The action approved by the 1968 General Assembly soon ran aground. The Association's finances were in dire straits, a situation which at that time was known only to the UUA Administration and Board. In an attempt to relieve some of the financial pressure the Association faced, UUA President Dana Greeley tried to alter the financial outlay called for in the resolution, making an offer to BAC to divide the million dollar total payment over five years instead of four. Instead, the UUA Board reintroduced the issue of BAC's funding as part of the 1969 Assembly agenda. Their intention was to require reaffirmation of BAC's financial support each year.
These events set the stage for the most dramatic General Assembly in the UUA's history. It began with a struggle over the agenda. The official agenda placed the vote on the funding of BAC, now coupled with an additional $50,000 to fund BAWA, near the very end of the meeting. Members and supporters of BAC felt that this was not in keeping with the urgency of the issue and moved that it be placed at the beginning of the agenda. The vote to alter the agenda received a simple majority but did not reach the two-thirds majority required for an agenda change. In response, BAC chairperson Henry declared, "Unless the Assembly agrees to deal with these basic problems...now and not next Wednesday, the microphones will be possessed and the business of this house will come to halt." Sure enough, the floor microphones were seized by BAC supporters and the business session was forced to end with nothing resolved.
The next day a motion was made to reconsider the order of the agenda. When the motion lost, Black Unitarian Universalist Caucus (BUUC) members quietly walked out. After talking with leaders of BUUC, the Rev. Jack Mendelsohn addressed the Assembly, stating, "Our Black delegates of BAC have now left the room. They have left this Assembly, and they have left our movement, because life and time are short...the Assembly is returning to business as usual and to the position of Black people at the back of the bus." Mendelsohn invited those who shared his feelings to join him down the street at the Arlington Street congregation where he was minister.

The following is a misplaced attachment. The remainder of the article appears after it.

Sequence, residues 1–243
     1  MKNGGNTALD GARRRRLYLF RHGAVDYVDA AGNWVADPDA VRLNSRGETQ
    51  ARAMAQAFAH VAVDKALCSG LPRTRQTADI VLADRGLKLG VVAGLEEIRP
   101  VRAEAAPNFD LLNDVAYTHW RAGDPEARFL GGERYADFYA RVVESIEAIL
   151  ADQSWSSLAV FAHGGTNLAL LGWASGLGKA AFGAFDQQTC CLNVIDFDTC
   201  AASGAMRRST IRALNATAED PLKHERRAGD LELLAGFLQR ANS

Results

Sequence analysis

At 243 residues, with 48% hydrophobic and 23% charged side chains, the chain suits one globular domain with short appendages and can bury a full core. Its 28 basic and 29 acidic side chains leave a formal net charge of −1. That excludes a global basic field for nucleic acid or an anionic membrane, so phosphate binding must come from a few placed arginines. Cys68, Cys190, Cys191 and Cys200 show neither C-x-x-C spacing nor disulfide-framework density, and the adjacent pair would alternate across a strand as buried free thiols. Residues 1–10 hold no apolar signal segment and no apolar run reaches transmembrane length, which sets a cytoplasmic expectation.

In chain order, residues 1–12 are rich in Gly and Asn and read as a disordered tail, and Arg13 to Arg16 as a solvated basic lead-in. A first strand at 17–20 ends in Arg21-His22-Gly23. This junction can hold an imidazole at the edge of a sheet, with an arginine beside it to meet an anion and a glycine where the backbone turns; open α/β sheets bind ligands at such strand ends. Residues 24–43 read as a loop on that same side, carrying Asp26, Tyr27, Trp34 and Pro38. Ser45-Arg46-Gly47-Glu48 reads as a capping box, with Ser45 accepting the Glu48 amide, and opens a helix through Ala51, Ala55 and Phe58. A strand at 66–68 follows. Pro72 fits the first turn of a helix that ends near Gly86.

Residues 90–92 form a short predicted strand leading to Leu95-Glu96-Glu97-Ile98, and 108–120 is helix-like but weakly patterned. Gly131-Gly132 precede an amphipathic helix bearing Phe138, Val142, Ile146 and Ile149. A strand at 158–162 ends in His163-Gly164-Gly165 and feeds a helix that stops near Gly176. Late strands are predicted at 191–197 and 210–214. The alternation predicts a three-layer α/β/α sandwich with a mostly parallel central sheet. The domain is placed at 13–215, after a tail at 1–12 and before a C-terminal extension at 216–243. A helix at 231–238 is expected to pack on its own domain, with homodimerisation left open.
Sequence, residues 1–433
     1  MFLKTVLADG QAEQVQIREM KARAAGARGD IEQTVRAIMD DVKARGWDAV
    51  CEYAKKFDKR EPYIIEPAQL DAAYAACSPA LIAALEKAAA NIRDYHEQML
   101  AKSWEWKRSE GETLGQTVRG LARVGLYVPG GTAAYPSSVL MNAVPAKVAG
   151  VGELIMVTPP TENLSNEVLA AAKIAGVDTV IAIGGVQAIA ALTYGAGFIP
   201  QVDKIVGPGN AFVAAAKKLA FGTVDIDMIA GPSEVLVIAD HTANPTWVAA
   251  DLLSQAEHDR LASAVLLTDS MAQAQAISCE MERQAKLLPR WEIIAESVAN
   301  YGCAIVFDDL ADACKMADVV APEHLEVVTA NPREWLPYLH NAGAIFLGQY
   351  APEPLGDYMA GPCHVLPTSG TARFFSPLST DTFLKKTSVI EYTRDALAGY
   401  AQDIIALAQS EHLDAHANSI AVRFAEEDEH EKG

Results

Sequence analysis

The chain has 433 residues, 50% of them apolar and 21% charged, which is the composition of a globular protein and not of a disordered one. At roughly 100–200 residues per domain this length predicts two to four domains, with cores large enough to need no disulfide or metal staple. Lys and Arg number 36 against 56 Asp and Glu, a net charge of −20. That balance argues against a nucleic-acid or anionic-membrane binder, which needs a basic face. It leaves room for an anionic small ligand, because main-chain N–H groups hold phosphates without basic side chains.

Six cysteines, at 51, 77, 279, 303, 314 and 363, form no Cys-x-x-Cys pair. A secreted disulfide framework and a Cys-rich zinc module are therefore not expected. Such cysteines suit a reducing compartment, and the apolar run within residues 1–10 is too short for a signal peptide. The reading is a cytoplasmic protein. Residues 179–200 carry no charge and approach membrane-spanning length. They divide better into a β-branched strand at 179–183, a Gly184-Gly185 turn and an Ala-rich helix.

In a show of solidarity with their Black co-religionists, more than four hundred white Unitarian Universalists joined Mendelsohn. The UUA leadership made overtures to those delegates, who rejoined the General Assembly the next day. The Caucus members remained in the Association and BAC won full funding by vote of the General Assembly delegates.
A few months later, the UUA Board, faced with the ongoing fiscal crisis and their own legal responsibility for the financial well-being of the institution, voted to reduce the grant to BAC from $250,000 to $200,000 and spread the million dollars over five years instead of four.
BAC's members decided to disaffiliate from the UUA and attempted to raise money for the organization's programs directly from Unitarian Universalist congregations and institutions. Over the course of a few months they were able to raise as much as $800,000 from the Liberal Religious Youth, the UU Women's Federation, the First Unitarian Society of West Newton, Massachusetts, All Souls Church, Washington, DC, and the First Unitarian Congregational Society of Brooklyn, New York. The money was raised through bonds that were marketed primarily as an investment.
Despite this initial success at fundraising, BAC, beset by internal strife over differences in strategy, direction, and loyalties, slowly faded from the Unitarian Universalist scene and many of its members left Unitarian Universalism altogether. In 1973 BAC changed its name to the Black Humanist Fellowship. Shortly afterwards began a three year-long legal battle between BAC members
over the money lost on the bonds and the legality of the BUUC meeting at which the name was changed. In time, the Black Humanist Fellowship dissolved and its demise marked the end of the Empowerment controversy. However, the feelings left by these events were so raw that not until 1979 did the UUA begin to explore what had happened and why, so that it could again begin to move forward on the issue of racial justice.